The event comes at a time when there is a need to re-strategize and rebuilds economies to offset the effects of the global pandemic. The pandemic triggered a drop in prices and demand for energy owing to lockdown measures. This was a significant problem, especially for oil-dependent economies.
Further, natural gas which is also in abundance can be harnessed to produce safe and efficient energy solutions. The reduction in the cost of technology will help to facilitate large scale exploitation and distribution of renewable energy across the continent. There have been discoveries of natural gas beds across Africa, a positive indicator for alternative and renewable solutions.
An additional possibility is the harnessing of wind-based solutions for energy provision at a significant scale.
The interplay between the private sector, governments, and investors is necessary to help bring solutions in this regard. Integrated solutions that involve powering national grids as well and providing maintenance solutions, and simultaneously improving the private sector and off-grid power solutions will provide for the sustainable growth of the energy sector.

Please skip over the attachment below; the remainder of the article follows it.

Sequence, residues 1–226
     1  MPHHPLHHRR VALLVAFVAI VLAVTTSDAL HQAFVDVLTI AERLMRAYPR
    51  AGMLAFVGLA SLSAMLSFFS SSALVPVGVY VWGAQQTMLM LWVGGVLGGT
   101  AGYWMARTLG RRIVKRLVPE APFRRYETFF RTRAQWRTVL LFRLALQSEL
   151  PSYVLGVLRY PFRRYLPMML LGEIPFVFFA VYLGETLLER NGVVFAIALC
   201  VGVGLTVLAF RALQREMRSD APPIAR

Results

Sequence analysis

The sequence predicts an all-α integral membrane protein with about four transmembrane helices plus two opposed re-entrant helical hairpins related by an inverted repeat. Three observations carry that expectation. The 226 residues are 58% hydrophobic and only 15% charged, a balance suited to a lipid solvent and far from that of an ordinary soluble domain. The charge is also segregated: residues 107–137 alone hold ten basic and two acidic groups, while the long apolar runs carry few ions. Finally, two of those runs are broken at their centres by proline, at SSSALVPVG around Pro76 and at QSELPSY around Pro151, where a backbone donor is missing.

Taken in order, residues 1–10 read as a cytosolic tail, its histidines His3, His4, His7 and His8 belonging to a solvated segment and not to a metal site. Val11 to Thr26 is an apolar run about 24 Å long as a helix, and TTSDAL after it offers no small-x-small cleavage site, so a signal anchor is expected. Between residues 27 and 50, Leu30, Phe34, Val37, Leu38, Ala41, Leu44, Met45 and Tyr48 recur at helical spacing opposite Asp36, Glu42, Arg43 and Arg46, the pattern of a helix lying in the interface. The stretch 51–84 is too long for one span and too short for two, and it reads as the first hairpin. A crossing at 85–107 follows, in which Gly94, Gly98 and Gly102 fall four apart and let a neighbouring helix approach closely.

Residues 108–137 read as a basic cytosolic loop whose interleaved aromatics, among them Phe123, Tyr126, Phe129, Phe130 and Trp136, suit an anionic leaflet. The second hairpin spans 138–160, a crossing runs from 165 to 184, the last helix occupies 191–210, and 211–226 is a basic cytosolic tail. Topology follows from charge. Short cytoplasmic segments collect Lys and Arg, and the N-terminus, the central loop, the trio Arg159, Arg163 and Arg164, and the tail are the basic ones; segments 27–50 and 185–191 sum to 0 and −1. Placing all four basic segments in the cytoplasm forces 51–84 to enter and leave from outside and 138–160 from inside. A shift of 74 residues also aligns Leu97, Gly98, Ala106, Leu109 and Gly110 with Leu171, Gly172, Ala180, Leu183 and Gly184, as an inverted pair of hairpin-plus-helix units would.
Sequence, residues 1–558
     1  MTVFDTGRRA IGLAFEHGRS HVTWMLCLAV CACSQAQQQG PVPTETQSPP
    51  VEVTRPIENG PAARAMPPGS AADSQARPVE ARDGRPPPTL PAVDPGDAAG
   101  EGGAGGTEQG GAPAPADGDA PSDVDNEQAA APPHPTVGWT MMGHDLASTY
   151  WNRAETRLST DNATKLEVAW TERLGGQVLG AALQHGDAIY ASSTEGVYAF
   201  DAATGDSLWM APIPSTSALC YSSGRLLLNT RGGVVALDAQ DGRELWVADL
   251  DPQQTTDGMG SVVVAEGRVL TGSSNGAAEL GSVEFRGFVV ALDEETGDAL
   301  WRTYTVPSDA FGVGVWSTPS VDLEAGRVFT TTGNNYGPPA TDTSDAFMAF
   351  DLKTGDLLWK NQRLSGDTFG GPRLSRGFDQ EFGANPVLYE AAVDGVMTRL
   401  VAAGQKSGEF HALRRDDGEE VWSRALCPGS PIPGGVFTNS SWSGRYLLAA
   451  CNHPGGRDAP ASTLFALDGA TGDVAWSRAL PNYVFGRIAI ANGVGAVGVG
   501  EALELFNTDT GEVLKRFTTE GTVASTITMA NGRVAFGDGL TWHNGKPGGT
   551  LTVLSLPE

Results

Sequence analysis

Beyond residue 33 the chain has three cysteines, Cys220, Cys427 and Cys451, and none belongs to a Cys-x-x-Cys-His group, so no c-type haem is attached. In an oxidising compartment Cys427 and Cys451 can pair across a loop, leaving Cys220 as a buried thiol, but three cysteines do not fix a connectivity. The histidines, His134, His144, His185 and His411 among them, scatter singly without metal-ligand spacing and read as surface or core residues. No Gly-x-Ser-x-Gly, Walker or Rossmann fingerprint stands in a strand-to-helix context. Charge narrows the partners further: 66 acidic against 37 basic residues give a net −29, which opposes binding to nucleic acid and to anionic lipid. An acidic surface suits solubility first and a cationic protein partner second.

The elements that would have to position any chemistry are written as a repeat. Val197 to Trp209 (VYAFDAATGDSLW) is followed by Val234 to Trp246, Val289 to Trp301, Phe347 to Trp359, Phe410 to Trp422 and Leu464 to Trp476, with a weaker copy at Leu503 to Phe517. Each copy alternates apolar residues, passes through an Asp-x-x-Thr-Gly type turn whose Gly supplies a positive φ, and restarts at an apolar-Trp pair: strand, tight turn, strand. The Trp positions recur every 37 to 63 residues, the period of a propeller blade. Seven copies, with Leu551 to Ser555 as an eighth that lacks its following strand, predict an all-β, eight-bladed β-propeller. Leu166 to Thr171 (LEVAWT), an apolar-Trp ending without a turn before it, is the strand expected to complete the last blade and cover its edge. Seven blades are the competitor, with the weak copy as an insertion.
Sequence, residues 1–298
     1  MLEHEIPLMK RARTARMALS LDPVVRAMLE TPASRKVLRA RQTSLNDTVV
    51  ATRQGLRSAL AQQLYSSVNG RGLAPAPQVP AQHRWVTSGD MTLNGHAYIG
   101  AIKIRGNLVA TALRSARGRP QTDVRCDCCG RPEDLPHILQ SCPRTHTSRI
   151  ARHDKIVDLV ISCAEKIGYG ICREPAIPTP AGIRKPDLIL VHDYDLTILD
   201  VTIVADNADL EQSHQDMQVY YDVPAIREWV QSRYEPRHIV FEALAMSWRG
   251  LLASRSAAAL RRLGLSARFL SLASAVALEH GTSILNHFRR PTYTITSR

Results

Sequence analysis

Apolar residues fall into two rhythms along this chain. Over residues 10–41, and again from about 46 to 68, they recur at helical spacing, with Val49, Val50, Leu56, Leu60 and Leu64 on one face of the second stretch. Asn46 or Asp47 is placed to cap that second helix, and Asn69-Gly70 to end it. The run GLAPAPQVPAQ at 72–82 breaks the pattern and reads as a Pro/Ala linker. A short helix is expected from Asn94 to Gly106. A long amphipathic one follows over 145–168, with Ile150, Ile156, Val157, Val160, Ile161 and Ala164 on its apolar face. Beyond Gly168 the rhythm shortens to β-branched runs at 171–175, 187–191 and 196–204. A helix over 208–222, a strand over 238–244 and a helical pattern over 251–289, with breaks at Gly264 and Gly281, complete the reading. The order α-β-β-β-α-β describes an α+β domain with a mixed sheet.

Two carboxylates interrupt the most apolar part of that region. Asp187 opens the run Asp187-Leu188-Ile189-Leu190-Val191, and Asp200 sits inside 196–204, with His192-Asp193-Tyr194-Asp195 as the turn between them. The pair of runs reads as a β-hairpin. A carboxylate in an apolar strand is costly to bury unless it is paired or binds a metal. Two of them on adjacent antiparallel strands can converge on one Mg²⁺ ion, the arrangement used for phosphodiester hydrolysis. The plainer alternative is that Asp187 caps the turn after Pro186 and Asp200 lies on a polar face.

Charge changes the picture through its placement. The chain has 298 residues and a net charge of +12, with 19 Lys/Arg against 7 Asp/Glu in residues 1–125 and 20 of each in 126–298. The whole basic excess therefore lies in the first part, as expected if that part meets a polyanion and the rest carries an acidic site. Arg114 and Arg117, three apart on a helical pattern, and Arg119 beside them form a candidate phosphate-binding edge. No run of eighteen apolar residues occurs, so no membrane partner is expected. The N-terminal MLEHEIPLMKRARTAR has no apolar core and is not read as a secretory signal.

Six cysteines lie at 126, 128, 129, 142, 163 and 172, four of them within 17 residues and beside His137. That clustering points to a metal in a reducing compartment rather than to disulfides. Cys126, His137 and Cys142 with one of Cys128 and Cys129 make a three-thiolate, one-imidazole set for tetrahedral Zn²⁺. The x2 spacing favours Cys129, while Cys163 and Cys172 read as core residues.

Another key priority will be reducing energy losses from the grid and maintaining a minimum carbon dioxide footprint. With the vast natural resources that can be exploited regarding energy production, achieving energy goals in a clean, environmentally friendly manner is possible.
The energy players’ forum geared towards crucial interaction with potential partners in Europe is a welcome move amid the need to rebuild and reposition Africa post-Covid-19 and beyond. There is an essential need to rebuild the continent. Further, the plan to bring Africa to global levels of empowerment through Agenda 2063 is crucial in meeting the needs of the continent’s growing population and energy demand.
More groundwork must be laid to increase investor, government, and private sector participation in this regard. An increase in forums such as these is necessary to shorten the funding cycle for both the private and government sectors. Finally, governments’ commitment to dealing with corruption and mismanagement is of utmost urgency if at all these forums are to bear fruit.